Home > News > Earthgauge news for the week of May 16

Earthgauge news for the week of May 16

Record flooding around the world (including Canada) linked to global warming – CBC News
Extreme rainstorms and snowfalls have grown substantially stronger, two studies suggest, with scientists for the first time finding the telltale fingerprints of man-made global warming on downpours that often cause deadly flooding. Two studies in Wednesday’s issue of the journal Nature link heavy rains to increases in greenhouse gases more than ever before.

UN calls for resource use to be ‘de-coupled’ from economic growth – UK Telegraph
The UN Environment Programme (UNEP) paper warned that if the world continues to use fossil fuels, iron ores, wood and other resources at the current rate then supplies will begin to run out. Ultimately it means “de-coupling” economic growth from an increasing use of resources by allowing the economy to grow through more efficient use of fossil fuels and other materials. “Global resource consumption is exploding. It’s not a trend that is in any way sustainable,” said Ernst von Weizsäcker, co-chair of UNEP’s International Resource Panel.

Volkswagen to make electric cars in China – Reuters
Top European automaker Volkswagen AG said on Wednesday that it plans to build electric cars in China under new brand Kaili, becoming the first foreign automaker to announce concrete plans to make electric cars in the country.

Native groups protest Enbridge pipeline – Vancouver Sun
Aboriginal groups in Western Canada have united against a proposed bitumen pipeline to British Columbia’s northern coast, saying the $5.5-billion Northern Gateway project has no future without the approval of communities along the route. Meanwhile, Enbridge is reporting yet another leak to their Norman Wells pipeline in the Northwest Territories.

France Moves To Ban Shale Gas Drilling : NPR
Lawmakers in France’s lower house of parliament have voted to ban a controversial gas and oil drilling technique. Hydraulic fracturing, or fracking, is widely used in the United States, but environmentalists say it can pollute ground water.

Shale gas fracking linked to drinking water problems
Scientists at Duke University have found a link between shale gas extraction in Pennsylvania and New York State and contamination of area drinking water with, in some cases, enough methane to make the water flammable.

Renewables could meet global energy needs by 2050 – Economic Times
Renewable energy sources like wind and solar power could provide up to 80 percent of the global energy needs by 2050, an intergovernmental panel report on climate has said.

US House Approves Bill Seeking To Speed Up Offshore Drilling Permits – WSJ.com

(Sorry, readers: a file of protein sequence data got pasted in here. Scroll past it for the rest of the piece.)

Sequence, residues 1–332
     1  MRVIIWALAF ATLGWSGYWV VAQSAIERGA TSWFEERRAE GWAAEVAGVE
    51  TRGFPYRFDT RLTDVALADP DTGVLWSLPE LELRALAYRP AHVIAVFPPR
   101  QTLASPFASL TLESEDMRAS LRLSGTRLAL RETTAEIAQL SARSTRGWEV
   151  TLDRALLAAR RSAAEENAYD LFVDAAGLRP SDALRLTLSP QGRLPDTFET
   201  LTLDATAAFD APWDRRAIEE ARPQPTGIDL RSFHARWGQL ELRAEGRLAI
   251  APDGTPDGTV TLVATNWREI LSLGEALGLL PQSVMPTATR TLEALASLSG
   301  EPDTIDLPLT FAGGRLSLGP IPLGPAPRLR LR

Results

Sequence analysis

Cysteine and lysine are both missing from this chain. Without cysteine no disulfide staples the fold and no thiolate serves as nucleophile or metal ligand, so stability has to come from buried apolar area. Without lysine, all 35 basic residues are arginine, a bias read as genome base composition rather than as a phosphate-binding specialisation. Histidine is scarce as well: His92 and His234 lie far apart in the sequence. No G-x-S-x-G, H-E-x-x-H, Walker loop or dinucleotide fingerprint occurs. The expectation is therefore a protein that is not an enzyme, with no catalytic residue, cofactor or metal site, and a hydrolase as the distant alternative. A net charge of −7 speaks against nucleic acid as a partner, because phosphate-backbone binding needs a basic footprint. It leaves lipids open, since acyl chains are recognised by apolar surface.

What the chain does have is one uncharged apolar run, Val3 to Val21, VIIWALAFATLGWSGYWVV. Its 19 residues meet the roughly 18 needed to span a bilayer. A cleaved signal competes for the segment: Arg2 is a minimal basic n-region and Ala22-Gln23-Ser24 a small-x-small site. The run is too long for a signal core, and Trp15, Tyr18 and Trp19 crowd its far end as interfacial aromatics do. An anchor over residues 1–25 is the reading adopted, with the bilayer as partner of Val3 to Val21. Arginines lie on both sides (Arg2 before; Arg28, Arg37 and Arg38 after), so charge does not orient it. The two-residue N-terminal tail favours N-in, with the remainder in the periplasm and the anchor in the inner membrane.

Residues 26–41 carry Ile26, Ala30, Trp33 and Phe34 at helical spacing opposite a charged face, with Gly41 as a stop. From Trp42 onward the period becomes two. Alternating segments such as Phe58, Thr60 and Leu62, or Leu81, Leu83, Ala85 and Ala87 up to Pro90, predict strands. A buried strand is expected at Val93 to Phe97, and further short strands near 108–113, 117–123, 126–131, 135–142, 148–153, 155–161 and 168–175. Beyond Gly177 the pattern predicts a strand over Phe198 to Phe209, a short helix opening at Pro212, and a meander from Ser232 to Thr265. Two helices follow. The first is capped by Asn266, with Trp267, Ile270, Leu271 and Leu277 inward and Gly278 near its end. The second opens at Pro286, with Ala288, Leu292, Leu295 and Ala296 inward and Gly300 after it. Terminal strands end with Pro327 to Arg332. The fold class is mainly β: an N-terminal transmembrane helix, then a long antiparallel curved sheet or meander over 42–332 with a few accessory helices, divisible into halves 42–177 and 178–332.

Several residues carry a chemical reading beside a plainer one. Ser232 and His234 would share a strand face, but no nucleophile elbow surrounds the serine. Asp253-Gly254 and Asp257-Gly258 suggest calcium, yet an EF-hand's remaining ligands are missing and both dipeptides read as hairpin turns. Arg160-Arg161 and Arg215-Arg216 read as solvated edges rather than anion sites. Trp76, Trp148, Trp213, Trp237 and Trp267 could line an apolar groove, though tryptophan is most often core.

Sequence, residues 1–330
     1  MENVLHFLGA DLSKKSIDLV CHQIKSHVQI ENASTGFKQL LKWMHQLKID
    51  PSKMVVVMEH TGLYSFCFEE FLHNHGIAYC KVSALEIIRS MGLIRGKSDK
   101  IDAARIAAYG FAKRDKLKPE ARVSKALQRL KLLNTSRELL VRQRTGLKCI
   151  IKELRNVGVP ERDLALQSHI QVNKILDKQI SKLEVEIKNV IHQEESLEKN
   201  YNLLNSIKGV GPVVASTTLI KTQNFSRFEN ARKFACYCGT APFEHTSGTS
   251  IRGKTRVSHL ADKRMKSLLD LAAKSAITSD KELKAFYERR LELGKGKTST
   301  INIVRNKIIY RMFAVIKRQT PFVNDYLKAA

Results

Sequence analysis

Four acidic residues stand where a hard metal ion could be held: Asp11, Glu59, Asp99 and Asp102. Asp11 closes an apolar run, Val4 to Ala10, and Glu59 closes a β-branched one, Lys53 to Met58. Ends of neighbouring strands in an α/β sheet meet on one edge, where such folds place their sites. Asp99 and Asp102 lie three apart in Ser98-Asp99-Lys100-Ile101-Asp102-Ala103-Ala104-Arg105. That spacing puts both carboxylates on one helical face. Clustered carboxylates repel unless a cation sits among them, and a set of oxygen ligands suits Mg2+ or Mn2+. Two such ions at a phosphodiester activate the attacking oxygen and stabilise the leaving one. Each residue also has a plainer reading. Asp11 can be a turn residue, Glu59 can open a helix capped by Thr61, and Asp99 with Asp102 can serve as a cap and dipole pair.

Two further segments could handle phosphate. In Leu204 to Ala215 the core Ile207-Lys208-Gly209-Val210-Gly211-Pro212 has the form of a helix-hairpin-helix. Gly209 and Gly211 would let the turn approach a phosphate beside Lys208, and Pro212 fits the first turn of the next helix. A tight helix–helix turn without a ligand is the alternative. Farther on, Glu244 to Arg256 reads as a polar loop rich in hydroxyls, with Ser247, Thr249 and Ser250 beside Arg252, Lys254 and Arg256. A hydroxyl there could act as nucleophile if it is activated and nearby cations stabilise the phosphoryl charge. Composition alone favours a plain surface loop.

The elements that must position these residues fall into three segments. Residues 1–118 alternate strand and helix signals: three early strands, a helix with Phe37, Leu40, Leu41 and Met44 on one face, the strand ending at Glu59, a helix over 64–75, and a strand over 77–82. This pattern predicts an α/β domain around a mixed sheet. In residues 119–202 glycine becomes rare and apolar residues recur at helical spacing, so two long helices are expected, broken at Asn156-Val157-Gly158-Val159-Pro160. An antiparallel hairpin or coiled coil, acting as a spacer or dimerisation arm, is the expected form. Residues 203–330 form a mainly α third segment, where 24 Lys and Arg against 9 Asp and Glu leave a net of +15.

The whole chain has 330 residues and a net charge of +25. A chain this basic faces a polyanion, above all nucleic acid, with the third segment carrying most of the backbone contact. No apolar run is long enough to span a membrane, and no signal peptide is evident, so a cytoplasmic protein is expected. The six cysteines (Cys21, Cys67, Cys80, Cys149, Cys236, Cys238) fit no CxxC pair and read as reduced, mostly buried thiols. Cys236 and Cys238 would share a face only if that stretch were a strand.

Only a year after the worst oil spill in U.S. history occurred in the Gulf of Mexico, the U.S. House of Representatives has voted to impose deadlines on the Obama administration to issue offshore drilling permits, as Republicans renewed calls for greater amounts of domestic oil production amid rising gasoline prices.

Trees May Grow 500 KM Further North By 2100 – Reuters
Trees in the Arctic region may grow 500 km further north by 2100 as climate change greens the barren tundra and causes sweeping change to wildlife, a leading expert said. “Changes seem to be happening even more rapidly than we had anticipated just 10 years ago,” Aevar Petersen, chair of the Conservation of Arctic Flora and Fauna (CAFF), told Reuters from Greenland on Thursday, where foreign ministers of Arctic countries agreed steps to bolster regional cooperation.

Hydropower’s Resurgence and the Controversy Around It – NYTimes.com
Huge, controversial dam projects have recently made headlines in Brazil, Chile and Laos. Many developing countries, hungry for energy to supply their growing economies over the long term, are determined to keep building more modest-sized dams too. A $7 billion project to dam two of the world’s wildest rivers for electricity has won environmental approval from a Chilean government commission despite a groundswell of opposition.

Categories: News
  1. No comments yet.
  1. No trackbacks yet.

Leave a Reply

Fill in your details below or click an icon to log in:

WordPress.com Logo

You are commenting using your WordPress.com account. Log Out /  Change )

Google photo

You are commenting using your Google account. Log Out /  Change )

Twitter picture

You are commenting using your Twitter account. Log Out /  Change )

Facebook photo

You are commenting using your Facebook account. Log Out /  Change )

Connecting to %s

%d bloggers like this: